This is partly because for years an overvalued exchange rate had undermined the competitiveness of agriculture and other non-oil sectors. Infrastructure, skills weaknesses, and a challenging business climate remain constraints for private investment outside the oil sector. The challenging regulatory environment for business is illustrated by the Angola’s ranking of 182 out of 190 countries in the Bank’s flagship Doing Business 2017 report, although progress is being made in areas such as creating a company.
Elections in August 2017 brought President João Gonçalves Lourenço into office, Angola’s first change of president in 38 years. He is taking over from José Eduardo dos Santos, who had been in office since 1979 but decided not to run again. President Lourenço had previously been Angola’s Minister of Defense. Vice President Bornito de Sousa is also new to office.
Six political parties took part in the August polls. The ruling People’s Movement for the Liberation of Angola (MPLA), led by Lourenço, won 150 out of 220 parliamentary seats, receiving 61% of the vote. As a result, President Lourenço was sworn in on September 26, following the dismissal of cases opposition parties had filed alleging electoral irregularities. His predecessor, Dos Santos, will remain the leader of the ruling MPLA until 2018.
The main opposition party, the National Union for the Total Independence of Angola (UNITA), led by Isaias Samakuva, received 51 parliamentary seats (26.67% of the vote), while an emerging third political force, the Broad Convergence for the Salvation of Angola–Electoral Coalition (CASA-CE) doubled its representation in Parliament with 16 seats (9.54%).
The Social Renewal Party (PRS) and the National Front for the Liberation of Angola (FNLA) received 2 and 1 seats respectively (1.35% and 0.93%), but the National Patriotic Alliance (APN) did not win a seat in Parliament (0.51%).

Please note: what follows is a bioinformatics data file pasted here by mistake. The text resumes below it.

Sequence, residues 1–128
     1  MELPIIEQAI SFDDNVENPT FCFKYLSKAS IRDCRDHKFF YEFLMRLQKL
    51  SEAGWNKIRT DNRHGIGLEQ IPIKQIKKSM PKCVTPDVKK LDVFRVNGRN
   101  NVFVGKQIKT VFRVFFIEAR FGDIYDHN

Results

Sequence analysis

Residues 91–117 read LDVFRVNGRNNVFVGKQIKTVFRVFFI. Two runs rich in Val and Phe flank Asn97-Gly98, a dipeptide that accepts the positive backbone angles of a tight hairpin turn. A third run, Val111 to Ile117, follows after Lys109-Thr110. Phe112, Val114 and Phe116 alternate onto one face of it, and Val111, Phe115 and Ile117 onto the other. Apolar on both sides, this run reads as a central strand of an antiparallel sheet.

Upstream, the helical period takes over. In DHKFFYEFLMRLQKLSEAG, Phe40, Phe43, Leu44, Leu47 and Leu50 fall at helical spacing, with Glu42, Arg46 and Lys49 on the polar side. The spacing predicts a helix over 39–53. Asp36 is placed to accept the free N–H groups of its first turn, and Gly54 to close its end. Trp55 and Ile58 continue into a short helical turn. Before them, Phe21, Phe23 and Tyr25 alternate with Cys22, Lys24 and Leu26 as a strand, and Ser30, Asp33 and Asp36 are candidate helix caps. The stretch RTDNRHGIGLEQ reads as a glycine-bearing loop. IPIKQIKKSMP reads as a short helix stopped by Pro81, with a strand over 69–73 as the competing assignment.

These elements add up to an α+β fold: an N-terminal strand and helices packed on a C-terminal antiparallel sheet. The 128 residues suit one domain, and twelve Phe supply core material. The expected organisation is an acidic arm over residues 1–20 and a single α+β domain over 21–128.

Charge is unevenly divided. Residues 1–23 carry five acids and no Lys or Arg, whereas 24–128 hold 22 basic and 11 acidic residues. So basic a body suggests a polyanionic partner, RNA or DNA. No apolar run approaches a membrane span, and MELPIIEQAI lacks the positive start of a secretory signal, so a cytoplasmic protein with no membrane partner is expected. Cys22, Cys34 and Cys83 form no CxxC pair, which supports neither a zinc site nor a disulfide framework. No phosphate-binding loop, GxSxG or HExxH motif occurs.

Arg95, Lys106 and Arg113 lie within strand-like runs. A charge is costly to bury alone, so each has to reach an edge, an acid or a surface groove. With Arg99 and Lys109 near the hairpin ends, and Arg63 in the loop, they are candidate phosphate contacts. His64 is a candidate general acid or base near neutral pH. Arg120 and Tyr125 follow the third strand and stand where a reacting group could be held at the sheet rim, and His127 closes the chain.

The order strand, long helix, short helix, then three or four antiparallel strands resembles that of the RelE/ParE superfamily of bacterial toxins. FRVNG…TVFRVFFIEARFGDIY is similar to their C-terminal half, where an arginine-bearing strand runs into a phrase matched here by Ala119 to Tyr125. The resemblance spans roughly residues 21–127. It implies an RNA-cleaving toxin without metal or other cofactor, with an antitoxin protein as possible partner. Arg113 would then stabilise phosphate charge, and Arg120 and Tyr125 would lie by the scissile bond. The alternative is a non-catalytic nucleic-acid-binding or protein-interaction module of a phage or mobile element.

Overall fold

More than 9.3 million people were registered to vote in the recent polls, which were witnessed by international observers.
Angola has maintained political stability since the end of the 27-year civil war in 2002. In 2010, a Constitution established a presidential parliamentary system with the president no longer elected by direct popular vote but instead as the head of the party winning the most seats. The 2010 Constitution sets a limit of two, five-year presidential terms.
Internationally, Angola is becoming more assertive and demonstrating a more steadfast commitment to peace and stability in Africa, in particular in the Great Lakes region, whereAngola has secured a commitment to economic and political sanctions against the region’s armed rebel groups.
Angola has made substantial economic and political progress since the end of the war in 2002. However, the country continues to face massive development challenges, which include reducing its dependency on oil and diversifying the economy; rebuilding its infrastructure; and improving institutional capacity, governance, public financial management systems, human development indicators, and the living conditions of the population.
Large pockets of the population still remain living in poverty without adequate access to basic services, and the country could benefit from more inclusive development policies.